Or maybe you cant comprehend the word "hegemonic" the way he means it..


-In sharp contrast, economic phenomena are not just hard to predict. Their prediction is impossible. Why? Because human economies (quite unlike those populated by automata) are subject to something worse than the worst non-linearities: infinite regress.
22.02.2013 21:01
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Helsworth
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Post: #4
RE: Europe needs a hegemonic Germany, by Yanis Varoufakis

This reminds me of the french inspired fear of americanization of Europe during the Bretton Woods years. Some folk couldn't get it in their heads that what the americans were doing kept the whole thing together. I made my profits off of you, ergo I have to reinvest them in your country.
That same fear born out of ignorance and manipulation happened in the US, when everyone was freaking out, cause the arabs were "buying" America. The same phenomenon is in place today, though, the panic factor has been moved to China. "The chinese are buying up America. They own us. Bla bla bla."
Germany is the largest exporter, the first engine of the EU. Ergo it has economic hegemony. And it should behave as such and recycle its surpluses, instead of applying austerity and neoliberal policies which serve only to ruin everyone else, including the german citizens. That's the meaning Yanis is attributing to the word. Just like the US had hegemony over post WW2 Europe (Because they were the only ones with surplus), so does Germany have hegemony over the union today.


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This post was last modified: 22.02.2013 21:13 by Helsworth.

22.02.2013 21:12
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Barbaron
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Post: #5
RE: Europe needs a hegemonic Germany, by Yanis Varoufakis

Actually, the politics of germany at the moment are ruining the country right now. Saleries are pretty low here, which is part of the politcs, to keep germany as a export - nation. They hope with this low saleries they can keep the jobs here. What they forgot is, that with such kind of saleries large numbers of the german population is sinking into poverty. Only the rich benefit from such a way.

And now we should "lead" Europe. Where? In a world of low saleries and poverty? Yeah, that would be great.

23.02.2013 00:01
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Post: #6
RE: Europe needs a hegemonic Germany, by Yanis Varoufakis

Barbaron Wrote:
Actually, the politics of germany at the moment are ruining the country right now. Saleries are pretty low here, which is part of the politcs, to keep germany as a export - nation. They hope with this low saleries they can keep the jobs here. What they forgot is, that with such kind of saleries large numbers of the german population is sinking into poverty. Only the rich benefit from such a way.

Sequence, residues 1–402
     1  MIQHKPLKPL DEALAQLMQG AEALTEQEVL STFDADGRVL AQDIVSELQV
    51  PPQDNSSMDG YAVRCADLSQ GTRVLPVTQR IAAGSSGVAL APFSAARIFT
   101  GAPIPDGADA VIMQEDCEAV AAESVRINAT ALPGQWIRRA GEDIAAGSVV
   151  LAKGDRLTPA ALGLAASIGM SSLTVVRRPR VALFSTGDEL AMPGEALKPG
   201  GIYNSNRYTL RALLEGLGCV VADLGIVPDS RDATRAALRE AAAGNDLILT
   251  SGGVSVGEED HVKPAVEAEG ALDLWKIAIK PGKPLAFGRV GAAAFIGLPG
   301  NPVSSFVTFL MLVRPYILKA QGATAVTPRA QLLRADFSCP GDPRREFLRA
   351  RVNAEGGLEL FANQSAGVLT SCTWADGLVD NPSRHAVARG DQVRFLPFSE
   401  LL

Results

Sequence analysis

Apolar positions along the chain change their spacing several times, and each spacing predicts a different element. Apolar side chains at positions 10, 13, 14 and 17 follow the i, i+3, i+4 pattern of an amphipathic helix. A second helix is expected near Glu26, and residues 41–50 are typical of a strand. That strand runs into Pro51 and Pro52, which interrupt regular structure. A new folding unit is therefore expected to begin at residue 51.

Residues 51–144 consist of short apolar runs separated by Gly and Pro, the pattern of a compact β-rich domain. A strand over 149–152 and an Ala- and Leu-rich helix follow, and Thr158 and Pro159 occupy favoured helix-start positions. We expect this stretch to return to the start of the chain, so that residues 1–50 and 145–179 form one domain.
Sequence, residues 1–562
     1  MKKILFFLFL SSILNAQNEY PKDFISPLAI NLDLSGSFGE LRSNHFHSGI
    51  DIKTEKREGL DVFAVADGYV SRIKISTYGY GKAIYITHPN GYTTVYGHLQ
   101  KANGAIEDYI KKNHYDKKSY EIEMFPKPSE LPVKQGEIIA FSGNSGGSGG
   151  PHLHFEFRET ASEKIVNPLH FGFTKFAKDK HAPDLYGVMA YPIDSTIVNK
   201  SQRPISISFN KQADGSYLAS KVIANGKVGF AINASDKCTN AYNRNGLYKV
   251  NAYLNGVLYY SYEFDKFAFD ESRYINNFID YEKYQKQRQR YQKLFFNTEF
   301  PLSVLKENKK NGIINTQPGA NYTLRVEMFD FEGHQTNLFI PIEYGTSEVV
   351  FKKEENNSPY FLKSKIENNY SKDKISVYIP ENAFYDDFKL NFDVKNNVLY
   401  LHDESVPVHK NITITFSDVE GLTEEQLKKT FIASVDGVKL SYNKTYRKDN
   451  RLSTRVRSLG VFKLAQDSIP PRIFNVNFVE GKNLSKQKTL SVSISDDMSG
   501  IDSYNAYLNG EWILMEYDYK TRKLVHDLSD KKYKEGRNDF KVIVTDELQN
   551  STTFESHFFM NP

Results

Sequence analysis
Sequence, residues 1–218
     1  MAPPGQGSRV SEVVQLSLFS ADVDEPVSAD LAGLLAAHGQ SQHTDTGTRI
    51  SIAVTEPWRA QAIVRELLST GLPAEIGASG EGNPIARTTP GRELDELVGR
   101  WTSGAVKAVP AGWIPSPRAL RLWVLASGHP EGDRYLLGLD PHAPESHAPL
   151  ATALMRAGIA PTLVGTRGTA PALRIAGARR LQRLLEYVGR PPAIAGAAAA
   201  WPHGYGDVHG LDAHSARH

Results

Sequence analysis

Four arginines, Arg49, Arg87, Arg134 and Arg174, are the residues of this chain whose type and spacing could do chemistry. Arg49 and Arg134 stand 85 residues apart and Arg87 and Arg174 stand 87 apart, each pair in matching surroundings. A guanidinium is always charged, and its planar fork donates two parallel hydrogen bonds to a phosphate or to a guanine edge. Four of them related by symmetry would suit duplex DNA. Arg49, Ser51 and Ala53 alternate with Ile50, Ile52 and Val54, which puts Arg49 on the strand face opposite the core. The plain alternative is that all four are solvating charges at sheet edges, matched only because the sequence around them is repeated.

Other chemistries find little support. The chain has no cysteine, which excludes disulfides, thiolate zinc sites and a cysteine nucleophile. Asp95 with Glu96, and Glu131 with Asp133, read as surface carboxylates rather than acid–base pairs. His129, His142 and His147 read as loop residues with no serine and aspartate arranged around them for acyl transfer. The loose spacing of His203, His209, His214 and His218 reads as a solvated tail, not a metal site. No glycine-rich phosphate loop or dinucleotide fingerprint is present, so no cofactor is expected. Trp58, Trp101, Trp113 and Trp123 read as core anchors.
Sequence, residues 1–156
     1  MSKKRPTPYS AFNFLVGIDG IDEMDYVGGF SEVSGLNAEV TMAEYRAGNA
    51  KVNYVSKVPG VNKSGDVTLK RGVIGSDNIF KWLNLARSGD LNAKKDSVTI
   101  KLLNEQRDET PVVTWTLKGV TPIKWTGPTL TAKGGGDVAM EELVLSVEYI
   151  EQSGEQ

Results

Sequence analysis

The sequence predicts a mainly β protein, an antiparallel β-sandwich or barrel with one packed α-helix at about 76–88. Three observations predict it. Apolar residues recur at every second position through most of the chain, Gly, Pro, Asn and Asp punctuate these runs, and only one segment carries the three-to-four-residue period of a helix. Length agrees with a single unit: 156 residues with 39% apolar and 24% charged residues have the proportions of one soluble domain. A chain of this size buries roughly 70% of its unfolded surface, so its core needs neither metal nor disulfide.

And now we should "lead" Europe. Where? In a world of low saleries and poverty? Yeah, that would be great.

Well that's the thing. Austerity makes no sense. The german political elites have committed to supply sides economics in order to "germanize" the union financially. The german political elites need to stop promoting austerity within and without the country in order to revitalize aggregate demand. Once that happens, business will be able to produce, since it will be able to sell, since people will be able to save, borrow, and consume. Germany requires a prominent fiscal stimulus in order to cover its output gap. So does the UK, Greece, and all other countries which have unused labor and resources. Every net exporter is a net importer of aggregate demand. It's high time we got rid of these maniacal austerity eurocrats and domestic elites pushing feudalistic supply side economics (horse shit and sparrow theory), and start paving the way for physical integration of countries and peoples. Transnational railways, electricity, heating, running water, education, health care, dams, irrigation systems, etc.
Austerity not only goes against how modern money and economies work, but serves only to create poverty in the present and even more so in the future. It fuels xenophobia, racism, extremism, nationalism, and secessionist ideas/movements.
After all the shit this continent went through, aren't we tired of the same crap? Don't we ever learn from history? Sad


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23.02.2013 00:24
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Post: #7
RE: Europe needs a hegemonic Germany, by Yanis Varoufakis

Quote:
And now we should "lead" Europe. Where? In a world of low saleries and poverty? Yeah, that would be great.

Actually thats what Germany is doing now.Thats nowhere near what the article says....


-In sharp contrast, economic phenomena are not just hard to predict. Their prediction is impossible. Why? Because human economies (quite unlike those populated by automata) are subject to something worse than the worst non-linearities: infinite regress.
23.02.2013 15:48